I know virtually nothing about the thing, but the best thing I just found in Google said that there should be two entries for each drive under the key HKEY_LOCAL_MACHINE/SYSTEM/MountedDevices; and one should look something like \DosDevices\C: and another like \??\Volume{f757af4d-26f7-11dc-b15c-00a0d1689bf0}. Now for me, I have one of the first kind for each drive from C: to I: and then like forty or many more of the second kind, which I guess is not normal.

Another thing is, I have dual booted Windows with Linux on what used to be my drive D:. Up until now, I though Windows would just consider that drive as disappeared. Now that I see an entry for that in the registry, I find it kind of weird.

What can I do to get the key cleaned up a bit, if anything at all? Can I delete them all and expect Windows to rebuild a new one on next boot?

So many unintended smilies, have to excuse me.

  • 1
    The fact you know nothing about it indicates you shouldn't touch it. What problem do you believe is caused by additional entries existing? You should not modify your registry hive unless you know exactly what you are doing. I can tell you my personal system the same number if not more entries as your system does, and it runs perfect, if you really want to risk it delete the unused entries which might not be easy for you to determine – Ramhound Jan 12 '14 at 22:06
  • ignore it, the few bytes will might save won't be worth it. – cybernard Jan 12 '14 at 22:07
  • @Ramhound Well I thought asking someone who might happen to know would be helpful. The fact is, there are problems with my computers, start up disk checks to be specific, which were not solved by the usual remedies every one was giving. That messed up key was somewhere I could say the problem was coming from. – arsaKasra Jan 12 '14 at 22:16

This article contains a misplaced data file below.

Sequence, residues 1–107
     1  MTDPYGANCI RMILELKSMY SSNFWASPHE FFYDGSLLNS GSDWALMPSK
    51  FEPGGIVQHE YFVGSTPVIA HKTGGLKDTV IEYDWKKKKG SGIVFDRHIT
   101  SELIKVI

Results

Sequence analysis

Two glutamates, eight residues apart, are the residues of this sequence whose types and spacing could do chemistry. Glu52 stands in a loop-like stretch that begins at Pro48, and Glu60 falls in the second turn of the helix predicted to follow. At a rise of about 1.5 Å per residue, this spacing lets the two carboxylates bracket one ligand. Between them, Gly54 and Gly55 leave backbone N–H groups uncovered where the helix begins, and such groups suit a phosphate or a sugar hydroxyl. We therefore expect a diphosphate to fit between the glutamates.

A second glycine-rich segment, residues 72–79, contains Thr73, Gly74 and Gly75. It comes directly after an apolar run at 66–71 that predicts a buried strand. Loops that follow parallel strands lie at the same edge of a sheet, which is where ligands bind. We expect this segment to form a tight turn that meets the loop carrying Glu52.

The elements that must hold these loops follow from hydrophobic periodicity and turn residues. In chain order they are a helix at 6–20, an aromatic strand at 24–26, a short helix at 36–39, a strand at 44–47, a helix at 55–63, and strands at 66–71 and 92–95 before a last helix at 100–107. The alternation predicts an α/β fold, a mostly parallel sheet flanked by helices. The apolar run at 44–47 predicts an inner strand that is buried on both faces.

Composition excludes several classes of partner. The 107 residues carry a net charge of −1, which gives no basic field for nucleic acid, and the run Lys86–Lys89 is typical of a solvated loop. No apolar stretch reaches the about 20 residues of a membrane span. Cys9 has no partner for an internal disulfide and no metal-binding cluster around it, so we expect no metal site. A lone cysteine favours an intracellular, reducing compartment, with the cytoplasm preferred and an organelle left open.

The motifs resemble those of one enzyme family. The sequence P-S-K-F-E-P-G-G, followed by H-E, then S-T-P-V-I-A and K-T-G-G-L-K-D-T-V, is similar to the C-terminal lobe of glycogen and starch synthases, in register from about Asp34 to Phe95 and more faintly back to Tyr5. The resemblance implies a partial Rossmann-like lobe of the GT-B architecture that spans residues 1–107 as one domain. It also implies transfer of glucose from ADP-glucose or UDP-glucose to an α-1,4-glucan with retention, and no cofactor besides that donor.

It's an old method , but you can simply clear these entries with this console command:

mountvol /r

This removes volume mount point directories and registry settings for volumes that are no longer in the system.


I've had several hundred entries there. No problem.

Basically, these entries are created for every drive that your PC has ever seen. It ensures that your USB disk shows up with the same drive letter and other properties, the next time you plug it in. (There are other bits that tell Windows it's a disk, not an USB mouse).

These keys are cross-linked to other keys. Deleting them manually would be a bad idea. I'd have to investigate a safe way of doing it, but it certainly would involve a Windows reboot.

  • I'd really be happy to hear about a safe way to do it. Until then, if I export the key and then delete it, will it be likely that I would have problems on the next boot? – arsaKasra Jan 13 '14 at 8:06
  • I'm not going to spend time investigating it unless there's a good reason to remove those keys. You still haven't provided a good reason (no, random disk problems do not go away by removing unrelated random entries). As for potential problems, Microsoft usually doesn't add code to fix the registry from damage done by deleting random keys. – MSalters Jan 13 '14 at 10:13
  • Oh, sorry. I think I misunderstood. – arsaKasra Jan 13 '14 at 14:55

Your Answer

By clicking “Post Your Answer”, you agree to our terms of service, privacy policy and cookie policy

Not the answer you're looking for? Browse other questions tagged or ask your own question.